What !#@! Don’t make decisions? Now, how can that possibly be sound success advice? Let me tell you how too much decision making can afflict you with decision making madness disorder (I just made that up), but, it’s true! Too much decision making can deplete your brain power and cause you to suffer from decision fatigue. When your brain is in decision making overload it adversely affects your judgement, creativity and stamina. Not good for achieving your goals.
The question then begs to be answered — how then does one make all the many decisions that an entrepreneur must make without becoming victim of brain drain, losing focus and distancing one’s self from achieving their goals?
Here are the Top Five Strategies to Avoid Decision Fatigue:
1. Keep It Simple:
Get in the habit of not overly stressing about things that aren’t directly related to accomplishing your goal. Many people overly stress about their clothes, the right business card style, every single word in a speech, etc. Essentially, becoming obsessed with perfection and minutiae. Over-perfectionism will delay your time lines to success. Keeping it simple also applies to minimalism. To become super successful, less stressed, and avoid decision fatigue, strive for minimalism in all areas of your life. Less is more!
2. Use Discernment:
Each and every day we are confronted with many decisions that need to be made. The successful person knows how to prioritize decision making. Avoid becoming involved in any unnecessary or frivolous decision making. Be honest with yourself when you find yourself becoming mired in unimportant decision making (which color legal paper you are going to buy). It may be a sign you are avoiding an important, yet uncomfortable, decision that needs to be made or you are avoiding going for your goal all together.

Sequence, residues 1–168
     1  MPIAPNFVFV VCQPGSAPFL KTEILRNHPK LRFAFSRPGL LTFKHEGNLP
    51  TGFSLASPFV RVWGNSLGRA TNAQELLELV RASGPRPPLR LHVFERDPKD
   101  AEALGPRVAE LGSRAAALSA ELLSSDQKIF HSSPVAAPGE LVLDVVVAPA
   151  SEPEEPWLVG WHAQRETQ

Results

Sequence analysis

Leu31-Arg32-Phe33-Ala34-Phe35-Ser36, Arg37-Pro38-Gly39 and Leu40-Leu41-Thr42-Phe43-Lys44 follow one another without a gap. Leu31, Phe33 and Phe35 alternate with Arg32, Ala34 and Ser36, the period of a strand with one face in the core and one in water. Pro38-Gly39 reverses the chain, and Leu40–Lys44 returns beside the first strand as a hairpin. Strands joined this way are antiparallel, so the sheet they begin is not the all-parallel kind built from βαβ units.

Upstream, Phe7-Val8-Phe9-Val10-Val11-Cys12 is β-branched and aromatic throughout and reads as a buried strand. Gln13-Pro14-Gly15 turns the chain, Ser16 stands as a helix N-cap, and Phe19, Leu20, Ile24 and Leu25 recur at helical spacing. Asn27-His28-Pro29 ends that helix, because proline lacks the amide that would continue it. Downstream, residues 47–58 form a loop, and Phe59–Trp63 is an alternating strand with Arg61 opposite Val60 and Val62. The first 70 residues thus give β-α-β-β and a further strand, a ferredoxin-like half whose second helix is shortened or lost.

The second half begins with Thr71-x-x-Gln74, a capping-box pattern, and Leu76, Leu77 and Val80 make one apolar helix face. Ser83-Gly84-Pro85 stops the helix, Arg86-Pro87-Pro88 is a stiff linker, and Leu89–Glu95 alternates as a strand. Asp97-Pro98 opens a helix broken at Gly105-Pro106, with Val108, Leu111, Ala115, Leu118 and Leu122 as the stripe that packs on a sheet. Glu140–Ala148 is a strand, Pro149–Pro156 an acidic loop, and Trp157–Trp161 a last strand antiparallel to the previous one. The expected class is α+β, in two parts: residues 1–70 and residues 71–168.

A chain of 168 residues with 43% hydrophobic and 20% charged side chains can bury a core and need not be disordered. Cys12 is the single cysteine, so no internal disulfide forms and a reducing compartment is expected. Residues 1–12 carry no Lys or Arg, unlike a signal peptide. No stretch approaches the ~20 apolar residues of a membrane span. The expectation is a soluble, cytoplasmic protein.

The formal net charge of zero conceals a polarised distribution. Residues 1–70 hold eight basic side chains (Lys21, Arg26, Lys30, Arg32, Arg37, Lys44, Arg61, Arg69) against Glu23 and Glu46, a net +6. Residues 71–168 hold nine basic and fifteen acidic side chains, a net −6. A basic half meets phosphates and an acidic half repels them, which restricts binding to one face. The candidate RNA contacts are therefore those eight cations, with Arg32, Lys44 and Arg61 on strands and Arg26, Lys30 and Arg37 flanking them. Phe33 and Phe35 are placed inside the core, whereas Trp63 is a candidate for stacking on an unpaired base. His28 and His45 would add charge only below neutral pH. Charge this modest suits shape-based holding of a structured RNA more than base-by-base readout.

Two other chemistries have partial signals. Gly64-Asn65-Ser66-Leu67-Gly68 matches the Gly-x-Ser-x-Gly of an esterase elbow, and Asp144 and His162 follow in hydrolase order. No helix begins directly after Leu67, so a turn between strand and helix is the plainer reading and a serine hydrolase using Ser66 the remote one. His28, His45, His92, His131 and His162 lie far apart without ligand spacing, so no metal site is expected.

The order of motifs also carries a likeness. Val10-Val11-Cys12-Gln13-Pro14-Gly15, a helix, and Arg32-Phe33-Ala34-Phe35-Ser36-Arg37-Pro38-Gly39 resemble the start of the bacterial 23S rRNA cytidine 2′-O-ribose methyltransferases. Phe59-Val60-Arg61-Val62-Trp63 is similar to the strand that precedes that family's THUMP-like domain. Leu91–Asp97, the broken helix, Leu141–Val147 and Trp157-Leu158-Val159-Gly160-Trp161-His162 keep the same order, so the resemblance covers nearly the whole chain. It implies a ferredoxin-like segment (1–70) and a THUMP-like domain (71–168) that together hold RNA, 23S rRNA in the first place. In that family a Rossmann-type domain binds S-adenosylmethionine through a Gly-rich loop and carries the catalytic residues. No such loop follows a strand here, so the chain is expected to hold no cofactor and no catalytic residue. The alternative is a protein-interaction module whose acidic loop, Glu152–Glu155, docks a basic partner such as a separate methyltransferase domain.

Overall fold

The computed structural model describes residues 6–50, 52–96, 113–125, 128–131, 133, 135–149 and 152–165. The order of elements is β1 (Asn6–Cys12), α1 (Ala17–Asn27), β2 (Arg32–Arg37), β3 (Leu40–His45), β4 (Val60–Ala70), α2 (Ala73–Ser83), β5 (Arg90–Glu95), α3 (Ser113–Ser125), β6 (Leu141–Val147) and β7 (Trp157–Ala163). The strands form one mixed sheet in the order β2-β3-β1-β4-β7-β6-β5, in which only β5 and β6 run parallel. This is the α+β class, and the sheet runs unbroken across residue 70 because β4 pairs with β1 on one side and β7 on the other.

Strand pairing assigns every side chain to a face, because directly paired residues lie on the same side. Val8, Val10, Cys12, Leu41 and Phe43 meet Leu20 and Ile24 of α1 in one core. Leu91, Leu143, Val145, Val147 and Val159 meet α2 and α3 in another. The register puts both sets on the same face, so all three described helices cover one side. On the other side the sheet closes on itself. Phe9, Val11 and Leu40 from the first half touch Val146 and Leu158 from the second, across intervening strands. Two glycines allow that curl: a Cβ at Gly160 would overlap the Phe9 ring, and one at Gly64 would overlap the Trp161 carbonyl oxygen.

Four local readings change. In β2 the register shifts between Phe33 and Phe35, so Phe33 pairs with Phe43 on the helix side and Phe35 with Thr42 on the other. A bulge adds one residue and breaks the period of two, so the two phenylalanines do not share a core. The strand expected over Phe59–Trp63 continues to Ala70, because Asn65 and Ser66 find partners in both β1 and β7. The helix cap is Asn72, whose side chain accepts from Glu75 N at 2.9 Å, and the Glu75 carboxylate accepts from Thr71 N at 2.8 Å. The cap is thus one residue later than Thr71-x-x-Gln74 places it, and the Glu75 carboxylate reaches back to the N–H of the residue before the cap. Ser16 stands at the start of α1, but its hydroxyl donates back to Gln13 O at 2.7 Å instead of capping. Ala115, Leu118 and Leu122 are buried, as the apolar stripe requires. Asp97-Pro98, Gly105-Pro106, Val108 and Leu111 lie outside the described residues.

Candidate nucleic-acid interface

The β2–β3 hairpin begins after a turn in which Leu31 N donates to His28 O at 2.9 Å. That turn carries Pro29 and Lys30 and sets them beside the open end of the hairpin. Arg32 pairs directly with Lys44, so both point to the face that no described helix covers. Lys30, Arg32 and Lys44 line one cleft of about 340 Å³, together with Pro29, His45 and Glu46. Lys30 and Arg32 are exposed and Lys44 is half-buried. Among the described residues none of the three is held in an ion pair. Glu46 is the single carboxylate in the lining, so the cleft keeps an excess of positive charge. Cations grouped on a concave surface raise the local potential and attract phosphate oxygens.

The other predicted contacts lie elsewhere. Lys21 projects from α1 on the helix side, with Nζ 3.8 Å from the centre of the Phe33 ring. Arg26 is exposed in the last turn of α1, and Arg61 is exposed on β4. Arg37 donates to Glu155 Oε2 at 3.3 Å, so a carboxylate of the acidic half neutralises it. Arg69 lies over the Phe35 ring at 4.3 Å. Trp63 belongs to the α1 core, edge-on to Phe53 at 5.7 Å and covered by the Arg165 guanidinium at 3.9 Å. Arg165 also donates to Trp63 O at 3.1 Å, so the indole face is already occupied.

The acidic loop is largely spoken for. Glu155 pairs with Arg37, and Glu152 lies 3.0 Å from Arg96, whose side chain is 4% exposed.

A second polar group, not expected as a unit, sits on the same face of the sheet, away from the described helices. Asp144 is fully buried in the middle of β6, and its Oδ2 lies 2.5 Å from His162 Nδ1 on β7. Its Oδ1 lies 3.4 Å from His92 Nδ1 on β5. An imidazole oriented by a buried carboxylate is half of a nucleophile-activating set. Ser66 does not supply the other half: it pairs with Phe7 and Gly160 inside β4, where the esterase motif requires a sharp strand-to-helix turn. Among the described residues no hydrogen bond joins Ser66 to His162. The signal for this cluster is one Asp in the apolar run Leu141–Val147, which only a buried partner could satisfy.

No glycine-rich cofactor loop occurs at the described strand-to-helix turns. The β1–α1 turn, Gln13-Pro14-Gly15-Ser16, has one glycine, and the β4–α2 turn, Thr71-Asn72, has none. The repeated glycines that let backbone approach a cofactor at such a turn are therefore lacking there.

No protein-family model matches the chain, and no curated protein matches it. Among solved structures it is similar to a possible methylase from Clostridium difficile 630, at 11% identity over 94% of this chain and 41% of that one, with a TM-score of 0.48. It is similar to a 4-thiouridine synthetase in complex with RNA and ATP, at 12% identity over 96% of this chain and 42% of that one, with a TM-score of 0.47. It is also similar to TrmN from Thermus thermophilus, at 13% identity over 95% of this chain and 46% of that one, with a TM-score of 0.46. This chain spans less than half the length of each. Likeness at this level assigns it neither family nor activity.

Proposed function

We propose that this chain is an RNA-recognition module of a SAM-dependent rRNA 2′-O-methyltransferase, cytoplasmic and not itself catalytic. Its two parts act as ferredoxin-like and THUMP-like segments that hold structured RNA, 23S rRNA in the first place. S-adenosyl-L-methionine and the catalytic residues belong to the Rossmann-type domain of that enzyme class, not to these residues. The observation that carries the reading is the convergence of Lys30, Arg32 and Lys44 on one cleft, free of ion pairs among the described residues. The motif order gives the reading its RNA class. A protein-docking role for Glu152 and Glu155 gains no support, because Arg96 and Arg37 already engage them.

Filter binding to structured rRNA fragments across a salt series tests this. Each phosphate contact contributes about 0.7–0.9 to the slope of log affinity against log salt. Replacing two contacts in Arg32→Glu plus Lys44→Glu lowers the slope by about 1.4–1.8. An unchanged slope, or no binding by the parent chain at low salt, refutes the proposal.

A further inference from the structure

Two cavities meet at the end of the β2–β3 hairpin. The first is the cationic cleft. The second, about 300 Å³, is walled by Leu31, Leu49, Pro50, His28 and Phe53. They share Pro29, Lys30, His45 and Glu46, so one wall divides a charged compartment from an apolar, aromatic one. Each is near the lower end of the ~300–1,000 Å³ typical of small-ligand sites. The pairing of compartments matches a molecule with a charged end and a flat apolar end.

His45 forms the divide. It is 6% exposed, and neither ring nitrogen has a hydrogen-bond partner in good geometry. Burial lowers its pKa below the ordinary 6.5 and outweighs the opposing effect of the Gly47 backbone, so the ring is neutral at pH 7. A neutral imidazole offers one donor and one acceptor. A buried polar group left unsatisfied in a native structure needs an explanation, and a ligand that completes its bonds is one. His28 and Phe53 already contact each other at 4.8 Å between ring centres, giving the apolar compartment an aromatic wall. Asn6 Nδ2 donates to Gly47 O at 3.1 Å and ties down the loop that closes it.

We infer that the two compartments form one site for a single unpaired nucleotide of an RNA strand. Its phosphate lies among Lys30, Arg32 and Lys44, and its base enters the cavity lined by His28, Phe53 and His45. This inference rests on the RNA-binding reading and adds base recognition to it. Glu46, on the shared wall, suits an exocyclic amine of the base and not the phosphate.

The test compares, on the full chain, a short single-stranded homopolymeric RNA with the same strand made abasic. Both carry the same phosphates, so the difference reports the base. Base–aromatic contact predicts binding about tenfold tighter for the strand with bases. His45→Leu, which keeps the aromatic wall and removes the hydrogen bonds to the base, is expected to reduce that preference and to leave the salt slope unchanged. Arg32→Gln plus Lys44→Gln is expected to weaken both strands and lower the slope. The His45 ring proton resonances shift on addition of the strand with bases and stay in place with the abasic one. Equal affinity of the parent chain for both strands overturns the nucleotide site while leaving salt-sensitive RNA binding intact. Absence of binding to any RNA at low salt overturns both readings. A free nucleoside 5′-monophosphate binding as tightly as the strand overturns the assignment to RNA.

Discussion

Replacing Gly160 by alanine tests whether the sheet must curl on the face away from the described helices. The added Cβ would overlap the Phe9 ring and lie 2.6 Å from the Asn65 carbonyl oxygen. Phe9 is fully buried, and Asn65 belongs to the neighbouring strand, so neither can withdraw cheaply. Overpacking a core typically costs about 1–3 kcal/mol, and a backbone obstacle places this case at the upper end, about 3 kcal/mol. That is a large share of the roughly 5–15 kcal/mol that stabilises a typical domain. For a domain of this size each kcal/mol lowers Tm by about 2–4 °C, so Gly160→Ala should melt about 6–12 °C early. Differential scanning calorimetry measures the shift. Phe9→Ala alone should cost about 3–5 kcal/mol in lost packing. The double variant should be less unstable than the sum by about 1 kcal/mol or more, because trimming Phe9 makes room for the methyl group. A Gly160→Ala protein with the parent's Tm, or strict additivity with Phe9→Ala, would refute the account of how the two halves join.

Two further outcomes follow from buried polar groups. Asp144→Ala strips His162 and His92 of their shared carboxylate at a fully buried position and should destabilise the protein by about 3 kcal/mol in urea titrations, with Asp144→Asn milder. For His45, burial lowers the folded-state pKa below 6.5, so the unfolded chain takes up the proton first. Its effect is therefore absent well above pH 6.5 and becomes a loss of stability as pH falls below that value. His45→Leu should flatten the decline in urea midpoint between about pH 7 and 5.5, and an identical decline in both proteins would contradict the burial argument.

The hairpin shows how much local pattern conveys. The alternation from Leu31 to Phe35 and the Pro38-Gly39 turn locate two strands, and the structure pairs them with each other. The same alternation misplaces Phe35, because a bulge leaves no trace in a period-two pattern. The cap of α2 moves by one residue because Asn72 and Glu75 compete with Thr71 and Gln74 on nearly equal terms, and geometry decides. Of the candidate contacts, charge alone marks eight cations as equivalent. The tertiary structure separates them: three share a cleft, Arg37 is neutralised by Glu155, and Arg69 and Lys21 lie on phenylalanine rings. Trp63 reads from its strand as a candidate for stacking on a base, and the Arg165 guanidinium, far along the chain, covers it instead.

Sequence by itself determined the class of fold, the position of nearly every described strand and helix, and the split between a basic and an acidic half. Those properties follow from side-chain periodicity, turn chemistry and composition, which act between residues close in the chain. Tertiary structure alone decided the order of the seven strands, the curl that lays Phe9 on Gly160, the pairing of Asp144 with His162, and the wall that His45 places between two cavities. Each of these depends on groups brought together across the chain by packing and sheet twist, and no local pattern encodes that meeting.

3. Empower Not Disempower:
High achievers are naturally adept at problem solving and everyone around you is keenly aware of your ability to problem solve, take action and make decisions. And, they want your help to do the same for them. As achievers and entrepreneurs, we always want to go the extra mile for our families, friends, clients and coworkers. But, over-doing or doing what they are fully capable of doing for themselves, is not being of service. Rather than empowering them to achieve the results they want (and the self-esteem that goes along with it), it disempowers them. And, it also causes you brain drain.
4. Learn to Say No:
The best mentor I’ve ever had in my life taught me a very valuable lesson. She told me “Linda, no is a complete sentence. Practice it.” To avoid decision making fatigue, learn to say no — period. End of sentence. You do not have to give a defensive speech as why you’re saying no. Super successful people are very discerning with their time and energy. And, it’s not just from a time-management standpoint. It’s also from a Brain management standpoint.
They know they need to conserve their mental, physical, emotional and spiritual energy for what can positively contribute to outcomes in their own lives, others and the world.
5. Stay Focused on Your Master Goal:
For every single decision you need to make ask yourself these two very important questions 1) Is this decision going to take me closer to accomplishing my goal or further away from it? 2) Is this decision going to support my values or violate them?
If the answer to either is the latter, then you know it is not a sound decision and avoiding making an unsound decision will keep you on track to attain your goal and from going down a dark hole of having to make a whole bunch of future damage control decisions.
The super successful and super rich know that decision making fatigue is real. They create habits to avoid it to keep them on the path of productivity, innovation and success. President Obama for example says “You’ll see I wear only grey or blue suits. I’m trying to pare down decisions. I don’t want to make decisions about what I’m eating or wearing. Because I have too many other decisions to make.” And, Mark Zuckerberg is a well-known advocate of avoiding early morning frivolous decision making which he says leads him to making better decisions on things that really matter throughout the day.
In closing my shocking confession: I was an intern as a Marriage, Family, Child Counselor because my dream was to help people. I was so shocked when I learned I couldn’t help every person that came through my door. I learned that some people weren’t really ready to be helped and that I had to know when I was helping or actually hurting their chances of success. I quickly got myself into CODA (Codependency Anonymous) and learned how not to be an enabler. In order to help, I had to focus on taking on those who were willing to help themselves. I learned that saying “no” is sometimes the most compassionate thing to do in honor of being of service, both to others and to myself.